Imagine watering your garden for nine hours straight. That’s how much water – up to 10,000 litres – can go into producing one pair of jeans. From growing the cotton crop, to dyeing the cloth in your favourite shade of indigo, the humble jean is one of the thirstiest items in your wardrobe.

And its environmental impact doesn’t end there. The cultivation of conventional cotton, used in denim, accounts for 24 per cent of the world’s use of insecticides, and synthetic indigo dye has been found to leach out from factories into rivers with devastating effects.

Buying denim might seem fraught when you hear about how it’s made, but there’s a number of labels here in Australia and abroad producing garments with a lighter environmental impact. We’re a long way off from a zero-impact jean, but the options below are moving towards a more sustainable approach. The best part? They don’t compromise on style or cut.

New Zealand designer Gosia Piatek is one of the region’s strongest advocates for responsible fashion. Her decade-old label uses only fair-trade, GOTS-certified (Global Organic Textile Standard) organic cottons and minimal-impact fabric dyes. Piatek’s design approach is to keep things simple, classic and to do them well. The high-waisted, straight-legged Stage Jean wins for versatility. Made entirely from cotton, the slightly-rigid fabric holds its shape for a clean look.

Arnsdorf’s sustainable denim line didn’t come about easily. Designer Jade Sarita Arnott couldn’t find a denim both made from organic cotton and dyed with natural indigo, so she worked with a mill in Pakistan to develop her own fabric. Choose from a wide leg or slim look in white, ’90s pale blue, or dark indigo. All jeans are 100 per cent cotton and feature a leg-lengthening high waist.

The 17-year-old Swedish label has been peddling 100 per cent organic denim for men since 2012. The label produces a large array of styles and fits to suit any body shape, with prices sitting around the $240 mark. The company also emphasises looking after your jeans to improve longevity, and offers a free repair service. Once you’ve worn your jeans beyond repair, leave them at a Nudie store to be recycled and turned into other products.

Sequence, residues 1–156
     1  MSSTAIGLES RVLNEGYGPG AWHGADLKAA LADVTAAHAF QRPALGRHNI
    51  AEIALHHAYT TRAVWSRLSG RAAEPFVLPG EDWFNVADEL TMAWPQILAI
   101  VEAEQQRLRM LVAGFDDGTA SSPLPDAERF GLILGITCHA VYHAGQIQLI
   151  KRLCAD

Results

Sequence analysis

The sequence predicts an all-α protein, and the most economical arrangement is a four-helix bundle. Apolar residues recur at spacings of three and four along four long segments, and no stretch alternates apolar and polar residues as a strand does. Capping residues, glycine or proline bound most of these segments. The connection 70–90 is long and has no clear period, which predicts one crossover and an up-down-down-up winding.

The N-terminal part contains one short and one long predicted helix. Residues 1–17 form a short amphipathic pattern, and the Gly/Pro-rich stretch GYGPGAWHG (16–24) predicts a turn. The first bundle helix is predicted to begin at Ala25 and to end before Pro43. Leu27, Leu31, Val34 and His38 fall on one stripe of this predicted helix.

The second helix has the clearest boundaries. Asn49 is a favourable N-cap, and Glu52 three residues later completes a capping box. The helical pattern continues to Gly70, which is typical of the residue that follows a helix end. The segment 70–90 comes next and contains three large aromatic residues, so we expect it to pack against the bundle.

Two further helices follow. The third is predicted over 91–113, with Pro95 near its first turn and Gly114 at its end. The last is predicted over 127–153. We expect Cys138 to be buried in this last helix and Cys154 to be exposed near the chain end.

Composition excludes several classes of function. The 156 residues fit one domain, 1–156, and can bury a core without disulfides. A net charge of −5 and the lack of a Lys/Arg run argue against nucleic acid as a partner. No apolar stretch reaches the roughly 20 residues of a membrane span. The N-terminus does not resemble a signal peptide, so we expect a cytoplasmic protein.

L.A.-based label Reformation has carved out such a loyal following for its playful, youthful looks, it’s easy to forget fair production and sustainability are key tenets of its business model. Reformation’s range of denim jeans is made from either deadstock (fabrics deemed outdated or not useful by other companies) or surplus materials, in an effort to minimise waste. Style-wise, there’s plenty to choose from, especially if you like vintage washes and a classic mid-rise fit.

Ever wondered how we collectively began hankering for a pair of perfect Levi’s 501s? The fashion it-girls we saw sporting them hadn’t simply struck gold in a vintage store – more than a few were wearing jeans from Re/Done, an L.A.-based business started in 2014 by Sean Barron and Jamie Mazur. The label’s premise is simple: source unwanted Levi’s languishing in warehouses and recut them into sexy, modern fits. Every pair produced is a one-off but there are plenty of styles and washes to choose from.

Cheap Monday

The H&M Group-owned label has incorporated organic cotton into its products since its spring-summer 2017 collection. Its denim jeans are composed mostly of GOTS and OCS-certified (Organic Cotton Standard) cotton, but there are styles (particularly the skinnier fits) that also contain smaller amounts of elastane and polyester. The company is still making headway in the sustainability space and has big goals, including to someday make denim from recycled fibres. Cheap Monday is not yet the paragon of sustainable denim, but the brand is still worth a look for the sheer variety of styles it produces in organic cotton.

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